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This is the README file included in ssm-1.0-3.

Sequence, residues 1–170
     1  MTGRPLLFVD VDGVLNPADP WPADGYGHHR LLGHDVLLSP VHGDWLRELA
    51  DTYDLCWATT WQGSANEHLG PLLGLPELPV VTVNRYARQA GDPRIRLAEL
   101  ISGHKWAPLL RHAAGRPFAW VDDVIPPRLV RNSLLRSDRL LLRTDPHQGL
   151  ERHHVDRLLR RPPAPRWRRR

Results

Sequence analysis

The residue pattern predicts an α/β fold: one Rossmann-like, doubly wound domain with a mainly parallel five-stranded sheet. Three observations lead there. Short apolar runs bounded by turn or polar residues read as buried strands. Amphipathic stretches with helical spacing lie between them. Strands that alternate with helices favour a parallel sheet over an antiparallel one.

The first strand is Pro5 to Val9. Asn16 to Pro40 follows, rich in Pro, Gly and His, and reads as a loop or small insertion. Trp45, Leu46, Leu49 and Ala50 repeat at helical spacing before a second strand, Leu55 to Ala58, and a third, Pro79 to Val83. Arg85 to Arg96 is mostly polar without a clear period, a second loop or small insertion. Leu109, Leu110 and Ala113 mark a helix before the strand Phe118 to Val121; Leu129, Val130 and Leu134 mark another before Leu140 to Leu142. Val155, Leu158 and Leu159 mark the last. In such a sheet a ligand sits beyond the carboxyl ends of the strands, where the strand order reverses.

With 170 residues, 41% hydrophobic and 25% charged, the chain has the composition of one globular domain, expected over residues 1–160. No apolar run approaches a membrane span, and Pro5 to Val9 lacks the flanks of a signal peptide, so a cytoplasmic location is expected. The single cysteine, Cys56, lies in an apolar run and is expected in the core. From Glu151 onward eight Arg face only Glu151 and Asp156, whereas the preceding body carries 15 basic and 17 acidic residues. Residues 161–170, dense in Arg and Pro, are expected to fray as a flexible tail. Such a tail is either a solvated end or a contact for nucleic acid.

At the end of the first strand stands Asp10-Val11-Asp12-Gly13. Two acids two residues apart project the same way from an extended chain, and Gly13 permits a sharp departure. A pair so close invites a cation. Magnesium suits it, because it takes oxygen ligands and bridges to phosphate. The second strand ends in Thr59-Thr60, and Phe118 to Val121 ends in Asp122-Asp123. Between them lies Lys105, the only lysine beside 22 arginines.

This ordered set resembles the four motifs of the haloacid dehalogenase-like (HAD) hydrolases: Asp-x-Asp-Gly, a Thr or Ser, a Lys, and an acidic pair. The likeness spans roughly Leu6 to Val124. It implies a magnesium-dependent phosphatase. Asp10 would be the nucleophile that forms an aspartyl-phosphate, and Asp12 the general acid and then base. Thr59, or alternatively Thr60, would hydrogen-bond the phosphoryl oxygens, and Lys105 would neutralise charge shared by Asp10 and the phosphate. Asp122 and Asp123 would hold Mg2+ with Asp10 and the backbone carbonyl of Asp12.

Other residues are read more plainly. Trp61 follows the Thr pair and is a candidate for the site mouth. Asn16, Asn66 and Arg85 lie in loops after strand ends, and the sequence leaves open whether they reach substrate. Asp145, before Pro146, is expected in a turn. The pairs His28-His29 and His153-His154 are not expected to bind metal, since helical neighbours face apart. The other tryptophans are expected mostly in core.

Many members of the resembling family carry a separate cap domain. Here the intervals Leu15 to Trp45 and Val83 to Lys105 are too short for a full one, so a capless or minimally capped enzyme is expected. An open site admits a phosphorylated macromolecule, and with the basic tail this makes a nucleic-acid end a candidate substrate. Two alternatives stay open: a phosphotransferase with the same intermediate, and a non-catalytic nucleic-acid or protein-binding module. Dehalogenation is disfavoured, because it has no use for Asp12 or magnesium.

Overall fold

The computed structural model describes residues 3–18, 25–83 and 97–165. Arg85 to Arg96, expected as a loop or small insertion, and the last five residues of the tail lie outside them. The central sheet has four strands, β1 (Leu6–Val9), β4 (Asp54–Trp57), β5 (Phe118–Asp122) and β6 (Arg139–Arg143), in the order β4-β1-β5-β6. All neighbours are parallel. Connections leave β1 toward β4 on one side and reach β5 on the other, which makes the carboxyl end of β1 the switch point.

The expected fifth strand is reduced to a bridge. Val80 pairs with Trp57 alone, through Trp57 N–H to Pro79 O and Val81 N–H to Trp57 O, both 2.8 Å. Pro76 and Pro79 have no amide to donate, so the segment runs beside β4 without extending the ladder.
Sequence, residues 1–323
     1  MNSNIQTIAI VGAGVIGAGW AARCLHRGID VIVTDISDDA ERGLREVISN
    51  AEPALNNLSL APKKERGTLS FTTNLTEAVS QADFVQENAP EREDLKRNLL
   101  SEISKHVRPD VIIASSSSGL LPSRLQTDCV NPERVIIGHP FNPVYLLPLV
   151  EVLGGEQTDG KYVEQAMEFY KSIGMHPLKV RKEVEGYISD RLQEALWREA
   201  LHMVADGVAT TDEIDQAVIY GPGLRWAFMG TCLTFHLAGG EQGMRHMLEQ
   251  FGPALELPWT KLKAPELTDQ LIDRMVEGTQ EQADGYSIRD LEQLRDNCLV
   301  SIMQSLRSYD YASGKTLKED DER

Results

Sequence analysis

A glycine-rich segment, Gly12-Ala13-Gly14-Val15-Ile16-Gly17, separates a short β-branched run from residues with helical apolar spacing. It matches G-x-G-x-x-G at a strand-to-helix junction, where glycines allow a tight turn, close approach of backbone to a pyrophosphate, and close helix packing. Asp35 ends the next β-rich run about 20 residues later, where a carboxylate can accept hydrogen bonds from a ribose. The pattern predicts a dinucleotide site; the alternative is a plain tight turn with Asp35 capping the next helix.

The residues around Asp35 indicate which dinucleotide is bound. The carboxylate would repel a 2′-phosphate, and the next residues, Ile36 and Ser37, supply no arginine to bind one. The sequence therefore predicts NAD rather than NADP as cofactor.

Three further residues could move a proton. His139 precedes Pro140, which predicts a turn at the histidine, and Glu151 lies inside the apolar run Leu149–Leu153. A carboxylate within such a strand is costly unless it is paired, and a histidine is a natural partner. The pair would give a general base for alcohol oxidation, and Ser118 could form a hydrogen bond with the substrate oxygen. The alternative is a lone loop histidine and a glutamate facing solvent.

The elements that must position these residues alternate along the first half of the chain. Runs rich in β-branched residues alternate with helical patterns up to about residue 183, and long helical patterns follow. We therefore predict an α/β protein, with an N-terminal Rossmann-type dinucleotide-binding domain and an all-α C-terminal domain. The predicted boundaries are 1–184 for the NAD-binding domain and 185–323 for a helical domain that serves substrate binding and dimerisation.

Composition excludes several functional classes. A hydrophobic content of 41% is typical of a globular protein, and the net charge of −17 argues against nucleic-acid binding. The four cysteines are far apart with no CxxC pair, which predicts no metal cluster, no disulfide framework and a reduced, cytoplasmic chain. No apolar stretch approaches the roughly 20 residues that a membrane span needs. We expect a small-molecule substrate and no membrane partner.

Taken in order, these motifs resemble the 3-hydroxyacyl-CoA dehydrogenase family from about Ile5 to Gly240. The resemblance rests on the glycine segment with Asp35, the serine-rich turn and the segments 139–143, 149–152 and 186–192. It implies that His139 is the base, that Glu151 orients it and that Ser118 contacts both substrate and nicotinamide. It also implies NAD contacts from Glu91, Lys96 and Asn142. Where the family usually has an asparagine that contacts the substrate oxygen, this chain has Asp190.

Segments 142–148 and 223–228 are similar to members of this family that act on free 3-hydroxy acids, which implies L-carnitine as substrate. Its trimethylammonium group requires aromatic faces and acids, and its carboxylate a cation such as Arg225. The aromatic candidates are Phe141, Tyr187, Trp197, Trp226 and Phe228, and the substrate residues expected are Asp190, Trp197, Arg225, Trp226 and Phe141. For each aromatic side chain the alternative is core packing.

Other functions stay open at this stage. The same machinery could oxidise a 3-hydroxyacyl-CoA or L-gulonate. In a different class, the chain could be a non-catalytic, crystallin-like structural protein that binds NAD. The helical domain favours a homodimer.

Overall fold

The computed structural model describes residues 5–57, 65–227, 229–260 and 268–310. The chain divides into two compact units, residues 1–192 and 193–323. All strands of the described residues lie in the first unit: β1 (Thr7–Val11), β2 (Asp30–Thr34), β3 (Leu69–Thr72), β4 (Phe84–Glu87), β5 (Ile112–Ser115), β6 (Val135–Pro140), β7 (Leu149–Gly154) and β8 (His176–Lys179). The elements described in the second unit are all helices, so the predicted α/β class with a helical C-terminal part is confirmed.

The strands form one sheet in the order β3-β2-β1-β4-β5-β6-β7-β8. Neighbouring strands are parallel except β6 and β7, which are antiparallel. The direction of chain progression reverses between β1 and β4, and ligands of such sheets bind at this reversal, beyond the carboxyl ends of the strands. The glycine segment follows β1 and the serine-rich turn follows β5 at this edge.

Installing and running the SSM ============================== The Secure Stomp Messenger (SSM) is designed to give a reliable message transfer mechanism using the STOMP protocol. Messages are encrypted during transit, and are sent sequentially, the next message being sent only when the previous one has been acknowledged. The SSM is written in python. It is designed and packaged for SL5. For more about the SSM, see https://wiki.egi.eu/wiki/APEL/SSM Installing the RPM ------------------ Prerequisites ------------- The EPEL repository must be enabled. This can be done by installing the RPM for your version of SL, which is available on this page: http://fedoraproject.org/wiki/EPEL The python stomp library * yum install stomppy The python daemon library * yum install python-daemon The python ldap library * yum install python-ldap You need a certificate and key in PEM format accessible to the SSM. There are a number of ways to do this. One is to make a copy of the hostcert and hostkey files, owned by the user running the SSM: * /etc/grid-security/hostcert-ssm.pem * /etc/grid-security/hostkey-ssm.pem These are the default settings in the configuration file ssm.cfg. You can use a different configuration if you prefer. You need certificates against which you're going to verify any certs you use or receive in the directory /etc/grid-security/certificates (or other configured location). The easiest way to do this for EGI is: * yum install lcg-CA If you want to check CRLs when verifying certificates, you need fetch_crl installed: * yum install fetch-crl * service fetch-crl-cron start * chkconfig fetch-crl-cron on fetch-crl must have run once for the certificates to be verified successfully. Installation ------------ * rpm -i ssm-<version>.noarch.rpm What the RPM does ----------------- The RPM carries out a number of steps to run the SSM in a specific way. 1. It installs the core files in /opt/apel/ssm 2. It creates the messages directory /var/opt/apel/messages 3. It creates the log directory /var/log/apel 4. It creates the pidfile directory /var/run/apel Configuring the SSM ------------------- Ensure that the user running the SSM has access to the following: * the host certificate and key, or a copy * /var/opt/apel/messages and any subdirectories * /var/log/apel If you plan to run the SSM as a daemon, also give the user access to: * /var/run/apel The configuration files are in /opt/apel/ssm/conf/. The default configuration will send messages to the test apel server. Running the SSM --------------- It is recommended to run the SSM only when you need to send messages. This is so that all SSM clients do not remain connected to the brokers at all times. Before trying to send any messages, run the SSM once. This will create the directory structure within the messages directory. Check the log file (/var/log/apel.log) to see if the SSM has successfully connected to a broker. If so, the SSM should be ready to use. To run the SSM the first time: * export SSM_HOME=/opt/apel/ssm * $SSM_HOME/bin/run-ssm Then, to send your messages: * Write all the messages to the /opt/apel/ssm/messages/outgoing directory * export SSM_HOME=/opt/apel/ssm * $SSM_HOME/bin/run-ssm Removing the RPM ---------------- * rpm -e ssm Cleaning the system ------------------- * yum remove stomppy * yum remove python-daemon * yum remove python-ldap * rm -rf /opt/apel * rm -rf /var/opt/apel * rm -rf /var/log/apel * rm -rf /var/run/apel * revert any changes to / copies of the host certificate and key Building the RPM ---------------- This is only useful if you want to modify the spec file to build a different RPM, and you have a zip of the SSM source. It's recommended to build RPMs as a user other than root. This user must have access to the directory /usr/src/redhat. Then: * the directory containing the SSM files must be named ssm-<version> * zip -r ssm-<version>.zip ssm-<version> * cp ssm-<version>.zip /usr/src/redhat/SOURCES * cp ssm-<version>/ssm.spec /usr/src/redhat/SPECS * rpmbuild -ba /usr/src/redhat/SPECS/clientssm.spec There are of course many variations on this method.